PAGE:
Due to a storm off the Azores, I nearly forgot to pick my son up from preschool.
Ann Davison was the one sailing, the first crossing of the Atlantic by a lone woman sailor. I was the one reading her book “My Ship is So Small” in the back yard grass and musing too long over the rigging of a passing catamaran while waiting to cross the locks.
A series of inspiring projects have been causing me to loose myself in sea-fever after a good few years of being content to play at the very edges. Ann Davisons’ tiny boat, the Felicity Ann has just landed in Port Townsend and a group of amazing ladies have taken up the charge and plan to work with the NW school of wooden boatbuilding to create a series of empowering opportunities for women and girls starting with the restoration. Felicity Ann Boat Project.
“Go North, Go Simply”
Also in the works is a sweet little documentary being made by an old Outward Bound friend of mine, Teresa Carey, who has her own small fame these days for blogging about her experiences as a singlehander and striving for simplicity. The movie is called One Simple Question and documents an expedition she made with her partner on their own tiny boat in search of icebergs and answers. Watch the trailer, I love how she can ask big questions with the winning charm of a rosy cheeked girl from the great lakes.
Maybe not so much of the Sea but at the heart of Seattle, the Center for Wooden boats just opened their North Lake workshop and warehouse, next to Gas Works park in what used to be the mysterious and wonderful land of sea squatters and schooners called Metrodock. I made a piece that fits in panels between the old wooden studs and looks toward the buildings long and happy future as a community anchor for the North end of the lake.
Lucky me lucky me if only i could go to sea.
For the moment it is well enough to be involved with some wonderfully seaworthy endeavours. My own current show called “Hydrodynamics” is up at CLICK in West Seattle. In this series of papercuts I have been playing with the many qualities of water and the different types of linework and form I can use to tell the seas’ stories.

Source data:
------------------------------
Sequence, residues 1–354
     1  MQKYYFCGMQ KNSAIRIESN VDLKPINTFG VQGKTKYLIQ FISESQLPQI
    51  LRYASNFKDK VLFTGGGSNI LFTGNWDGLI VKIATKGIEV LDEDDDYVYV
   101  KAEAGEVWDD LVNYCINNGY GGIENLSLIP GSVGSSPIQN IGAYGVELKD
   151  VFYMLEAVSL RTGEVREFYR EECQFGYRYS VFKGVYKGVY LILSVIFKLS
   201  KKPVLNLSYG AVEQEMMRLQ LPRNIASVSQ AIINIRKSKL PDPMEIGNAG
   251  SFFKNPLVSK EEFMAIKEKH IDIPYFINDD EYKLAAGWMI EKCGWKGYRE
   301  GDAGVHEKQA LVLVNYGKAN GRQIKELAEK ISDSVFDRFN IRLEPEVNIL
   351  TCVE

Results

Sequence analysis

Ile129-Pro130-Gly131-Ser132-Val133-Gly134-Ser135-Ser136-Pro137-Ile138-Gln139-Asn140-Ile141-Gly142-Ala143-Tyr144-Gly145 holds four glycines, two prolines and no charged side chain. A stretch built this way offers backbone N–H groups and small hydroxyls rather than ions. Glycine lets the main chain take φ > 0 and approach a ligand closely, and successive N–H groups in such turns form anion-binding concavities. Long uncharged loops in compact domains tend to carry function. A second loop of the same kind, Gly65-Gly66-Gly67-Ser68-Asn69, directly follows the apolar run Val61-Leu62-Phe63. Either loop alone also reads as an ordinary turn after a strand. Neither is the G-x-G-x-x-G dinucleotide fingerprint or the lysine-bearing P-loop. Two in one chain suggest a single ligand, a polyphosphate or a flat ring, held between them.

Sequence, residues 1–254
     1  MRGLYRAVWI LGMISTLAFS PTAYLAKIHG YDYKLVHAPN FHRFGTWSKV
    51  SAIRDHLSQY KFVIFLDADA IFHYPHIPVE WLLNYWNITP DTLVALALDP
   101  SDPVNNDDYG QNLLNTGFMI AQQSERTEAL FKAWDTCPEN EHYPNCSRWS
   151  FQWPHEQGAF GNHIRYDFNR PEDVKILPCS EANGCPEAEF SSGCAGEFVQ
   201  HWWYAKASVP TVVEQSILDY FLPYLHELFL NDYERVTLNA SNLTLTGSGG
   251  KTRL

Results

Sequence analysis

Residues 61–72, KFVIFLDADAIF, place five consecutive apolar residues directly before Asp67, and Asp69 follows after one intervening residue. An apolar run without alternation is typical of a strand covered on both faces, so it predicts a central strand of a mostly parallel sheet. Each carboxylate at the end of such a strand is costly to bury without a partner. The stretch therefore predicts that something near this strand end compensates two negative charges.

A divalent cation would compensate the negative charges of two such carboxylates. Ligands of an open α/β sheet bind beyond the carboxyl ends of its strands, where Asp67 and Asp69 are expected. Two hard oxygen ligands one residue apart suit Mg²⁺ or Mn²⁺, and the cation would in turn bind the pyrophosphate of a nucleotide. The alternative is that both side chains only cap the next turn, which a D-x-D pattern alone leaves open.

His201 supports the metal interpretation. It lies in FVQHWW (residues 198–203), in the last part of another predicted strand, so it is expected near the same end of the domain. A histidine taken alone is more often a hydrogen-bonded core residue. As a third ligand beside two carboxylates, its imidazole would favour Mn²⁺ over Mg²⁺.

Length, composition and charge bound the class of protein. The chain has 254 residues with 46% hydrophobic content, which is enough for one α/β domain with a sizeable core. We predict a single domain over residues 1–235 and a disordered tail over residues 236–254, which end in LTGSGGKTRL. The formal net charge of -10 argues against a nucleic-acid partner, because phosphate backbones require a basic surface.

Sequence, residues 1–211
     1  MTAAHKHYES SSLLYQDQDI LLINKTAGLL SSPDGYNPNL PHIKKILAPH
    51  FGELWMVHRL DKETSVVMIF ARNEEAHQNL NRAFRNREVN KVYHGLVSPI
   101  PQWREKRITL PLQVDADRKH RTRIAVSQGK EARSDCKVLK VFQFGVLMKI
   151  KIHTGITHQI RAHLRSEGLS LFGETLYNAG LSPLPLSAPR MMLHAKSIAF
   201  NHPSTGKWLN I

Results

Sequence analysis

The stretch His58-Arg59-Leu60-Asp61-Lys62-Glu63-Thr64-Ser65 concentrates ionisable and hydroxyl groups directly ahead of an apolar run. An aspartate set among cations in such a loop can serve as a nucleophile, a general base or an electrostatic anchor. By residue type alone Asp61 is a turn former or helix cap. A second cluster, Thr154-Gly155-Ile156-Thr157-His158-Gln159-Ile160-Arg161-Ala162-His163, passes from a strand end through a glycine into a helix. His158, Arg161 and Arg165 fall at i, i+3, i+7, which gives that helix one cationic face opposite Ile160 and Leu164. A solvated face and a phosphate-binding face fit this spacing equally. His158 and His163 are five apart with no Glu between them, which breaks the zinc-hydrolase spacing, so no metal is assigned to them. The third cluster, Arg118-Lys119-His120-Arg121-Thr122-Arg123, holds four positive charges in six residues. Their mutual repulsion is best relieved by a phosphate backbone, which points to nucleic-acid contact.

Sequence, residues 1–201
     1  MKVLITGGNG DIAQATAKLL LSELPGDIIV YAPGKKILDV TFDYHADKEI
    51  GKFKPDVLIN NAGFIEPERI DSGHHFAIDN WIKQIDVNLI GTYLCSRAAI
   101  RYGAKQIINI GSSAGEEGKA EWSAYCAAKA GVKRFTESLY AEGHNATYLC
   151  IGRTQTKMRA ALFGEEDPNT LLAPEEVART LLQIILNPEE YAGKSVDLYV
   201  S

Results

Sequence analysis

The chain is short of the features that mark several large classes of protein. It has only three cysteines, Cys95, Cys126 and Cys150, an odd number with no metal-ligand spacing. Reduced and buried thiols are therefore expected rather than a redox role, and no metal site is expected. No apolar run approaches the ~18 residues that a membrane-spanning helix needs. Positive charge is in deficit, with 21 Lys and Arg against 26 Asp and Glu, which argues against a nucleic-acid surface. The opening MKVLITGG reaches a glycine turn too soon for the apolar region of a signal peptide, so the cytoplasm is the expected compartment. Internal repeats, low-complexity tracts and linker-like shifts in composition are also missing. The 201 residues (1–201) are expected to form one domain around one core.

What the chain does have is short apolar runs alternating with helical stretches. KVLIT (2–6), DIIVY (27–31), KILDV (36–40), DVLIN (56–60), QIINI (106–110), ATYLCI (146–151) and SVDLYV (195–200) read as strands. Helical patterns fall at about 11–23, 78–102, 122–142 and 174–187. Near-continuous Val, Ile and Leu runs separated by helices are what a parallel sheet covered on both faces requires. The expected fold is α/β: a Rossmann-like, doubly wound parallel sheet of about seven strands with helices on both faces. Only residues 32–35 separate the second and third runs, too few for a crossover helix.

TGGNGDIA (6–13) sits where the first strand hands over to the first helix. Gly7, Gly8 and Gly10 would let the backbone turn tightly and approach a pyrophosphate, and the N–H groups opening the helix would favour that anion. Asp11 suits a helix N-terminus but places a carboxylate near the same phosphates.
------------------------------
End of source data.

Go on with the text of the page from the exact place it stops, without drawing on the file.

Current Line 25″x35″
Ill be on hand Thursday June 14th for West Seattle Artwalk.
What a good excuse to see the citys best sunset.
Looking north from Saddlebag island, the high ridge of Lummi island looms in the distance. The current lines wind their way, following underwater bathymetry and their own fickle whims. In eddies at dusk we found porpoise and sea lions, salmon and seabirds. (12″x18″)
I have a family that still fits in a 15′ sailboat.
In the rest of life we have, what feels to me, like way too much stuff. Boat trailers, bikes and bikes, a weedwacker, a motorcycle, and even what constitutes a second home (its off the grid on a mountain and has no hot water but we have and do sometimes live there).
Some days it bogs me down, all those things.
When I was my sons age we lived on a 30′ sailboat with no standing headroom, and depending on my dads temperament, no motor.
So it is blissful freedom to pack food and the fewest things in our tiny boat and head out into the islands for a few days adventuring. To be out all day long and sleep under stars and be lulled by the waves, to have almost nothing and need even less.
To be reminded that if that was all i had, my family, their love, and a wild bit of space, it would be plenty.